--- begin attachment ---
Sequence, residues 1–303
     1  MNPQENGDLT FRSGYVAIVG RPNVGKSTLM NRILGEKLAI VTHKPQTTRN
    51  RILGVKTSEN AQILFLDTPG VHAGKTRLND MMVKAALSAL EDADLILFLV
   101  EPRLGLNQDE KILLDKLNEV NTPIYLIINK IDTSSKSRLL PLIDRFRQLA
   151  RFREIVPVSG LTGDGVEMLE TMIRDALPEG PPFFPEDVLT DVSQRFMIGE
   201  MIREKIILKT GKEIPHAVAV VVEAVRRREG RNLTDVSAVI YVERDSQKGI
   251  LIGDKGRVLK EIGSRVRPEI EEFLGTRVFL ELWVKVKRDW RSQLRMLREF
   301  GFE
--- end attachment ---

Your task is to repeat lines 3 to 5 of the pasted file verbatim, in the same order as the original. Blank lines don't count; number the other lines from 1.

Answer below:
    51  RILGVKTSEN AQILFLDTPG VHAGKTRLND MMVKAALSAL EDADLILFLV
   101  EPRLGLNQDE KILLDKLNEV NTPIYLIINK IDTSSKSRLL PLIDRFRQLA
   151  RFREIVPVSG LTGDGVEMLE TMIRDALPEG PPFFPEDVLT DVSQRFMIGE